As you may have guessed, space tribology is the application of tribology and lubrication principles in the space environment. The field addresses the reliable performance of machines in space, including satellites, spacecraft, and even the International Space Station (ISS). These instruments and structures require lubrication and it is a challenge to create lubricants that can handle this extreme environment.
Brandon Krick, a Ph.D. student who attends and works at the Tribology Lab at the University of Florida discusses space tribology and MISSE7, or the Materials on the International Space Station Experiments, 7th Mission. He was involved in the development and implementation of the MISSE7 and will handle the analysis of the experiments upon conclusion. He is shown here with one of the tribometers.
This experiment is being conducted with NASA's help, and addresses the use of solid lubricants in low earth orbit. The experiment is a test bed for materials and coatings attached to the outside of the ISS being evaluated for the effects of the space environment. The results of this experiment will provide a better understanding of the durability of various materials, thus providing information for applications in the design of future spacecraft. For more on the experiment and space tribology, you can download this week's episode, read the transcript, or listen directly from the slider bar above.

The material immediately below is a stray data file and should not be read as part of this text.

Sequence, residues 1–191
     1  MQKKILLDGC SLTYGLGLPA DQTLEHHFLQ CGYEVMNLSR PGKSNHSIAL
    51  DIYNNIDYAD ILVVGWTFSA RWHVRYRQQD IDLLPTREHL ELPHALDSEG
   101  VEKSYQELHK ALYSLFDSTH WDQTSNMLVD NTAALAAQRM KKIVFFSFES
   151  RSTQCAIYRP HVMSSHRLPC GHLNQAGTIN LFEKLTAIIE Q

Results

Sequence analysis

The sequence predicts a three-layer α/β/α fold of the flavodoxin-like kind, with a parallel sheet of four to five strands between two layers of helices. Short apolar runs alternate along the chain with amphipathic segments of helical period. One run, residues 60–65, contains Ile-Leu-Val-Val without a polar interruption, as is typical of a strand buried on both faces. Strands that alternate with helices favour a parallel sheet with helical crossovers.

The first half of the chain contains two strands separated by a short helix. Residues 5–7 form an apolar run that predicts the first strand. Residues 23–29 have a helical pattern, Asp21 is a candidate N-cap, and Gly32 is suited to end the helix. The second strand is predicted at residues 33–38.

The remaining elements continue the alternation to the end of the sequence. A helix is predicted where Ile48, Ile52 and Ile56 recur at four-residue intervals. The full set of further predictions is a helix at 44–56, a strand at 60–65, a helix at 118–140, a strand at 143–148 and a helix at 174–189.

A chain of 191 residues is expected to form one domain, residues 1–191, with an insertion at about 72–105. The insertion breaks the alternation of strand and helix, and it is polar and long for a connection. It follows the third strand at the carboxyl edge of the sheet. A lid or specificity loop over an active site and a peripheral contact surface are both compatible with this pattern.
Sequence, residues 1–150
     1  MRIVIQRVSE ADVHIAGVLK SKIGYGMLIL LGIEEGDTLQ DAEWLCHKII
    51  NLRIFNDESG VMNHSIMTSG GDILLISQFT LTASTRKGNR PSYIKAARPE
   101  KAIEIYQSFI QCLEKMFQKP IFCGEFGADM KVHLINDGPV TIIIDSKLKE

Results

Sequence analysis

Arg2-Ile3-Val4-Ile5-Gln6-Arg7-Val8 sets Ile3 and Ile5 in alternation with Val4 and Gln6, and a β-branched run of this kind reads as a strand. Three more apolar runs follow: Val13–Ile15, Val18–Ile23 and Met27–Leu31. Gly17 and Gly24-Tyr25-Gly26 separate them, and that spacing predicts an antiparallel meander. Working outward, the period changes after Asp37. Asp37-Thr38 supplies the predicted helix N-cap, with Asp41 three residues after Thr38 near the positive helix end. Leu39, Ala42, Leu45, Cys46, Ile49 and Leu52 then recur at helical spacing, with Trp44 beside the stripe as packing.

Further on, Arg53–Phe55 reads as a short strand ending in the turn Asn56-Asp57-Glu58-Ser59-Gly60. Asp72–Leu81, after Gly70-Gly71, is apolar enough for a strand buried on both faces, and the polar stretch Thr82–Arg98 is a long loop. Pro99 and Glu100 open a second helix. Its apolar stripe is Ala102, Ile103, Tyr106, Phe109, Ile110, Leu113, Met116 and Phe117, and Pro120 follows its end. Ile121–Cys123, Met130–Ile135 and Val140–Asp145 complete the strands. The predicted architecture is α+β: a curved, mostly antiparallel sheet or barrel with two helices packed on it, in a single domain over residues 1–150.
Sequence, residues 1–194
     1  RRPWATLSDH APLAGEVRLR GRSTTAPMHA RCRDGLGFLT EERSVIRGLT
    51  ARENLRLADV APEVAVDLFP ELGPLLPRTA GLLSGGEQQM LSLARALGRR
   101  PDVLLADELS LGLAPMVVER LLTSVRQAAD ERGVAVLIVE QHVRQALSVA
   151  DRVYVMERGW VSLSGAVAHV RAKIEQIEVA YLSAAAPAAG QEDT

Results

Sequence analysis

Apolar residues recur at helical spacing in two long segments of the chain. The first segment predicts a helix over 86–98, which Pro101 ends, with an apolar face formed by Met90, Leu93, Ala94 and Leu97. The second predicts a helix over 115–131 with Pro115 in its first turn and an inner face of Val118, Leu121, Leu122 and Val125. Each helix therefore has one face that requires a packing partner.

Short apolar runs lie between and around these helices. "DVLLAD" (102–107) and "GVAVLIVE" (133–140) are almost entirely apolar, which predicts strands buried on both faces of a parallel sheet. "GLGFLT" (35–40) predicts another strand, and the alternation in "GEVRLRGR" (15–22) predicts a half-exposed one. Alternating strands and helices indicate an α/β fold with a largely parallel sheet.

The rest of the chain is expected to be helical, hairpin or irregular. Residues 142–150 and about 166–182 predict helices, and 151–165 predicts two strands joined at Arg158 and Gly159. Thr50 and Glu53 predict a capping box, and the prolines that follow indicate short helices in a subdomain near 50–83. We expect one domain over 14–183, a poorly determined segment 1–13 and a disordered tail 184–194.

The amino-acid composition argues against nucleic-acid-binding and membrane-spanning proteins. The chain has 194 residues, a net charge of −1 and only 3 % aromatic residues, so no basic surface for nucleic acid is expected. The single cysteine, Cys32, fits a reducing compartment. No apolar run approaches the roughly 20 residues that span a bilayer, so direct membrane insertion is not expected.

For more information on space tribology, MISSE7, Brandon, or his graduate advisor, Dr. Gregory Sawyer, you can visit our website, the University of Florida's Tribology Laboratory website, or NASA's page on MISSE7. You can also read the TLT article, "History's Ultimate Lube Job."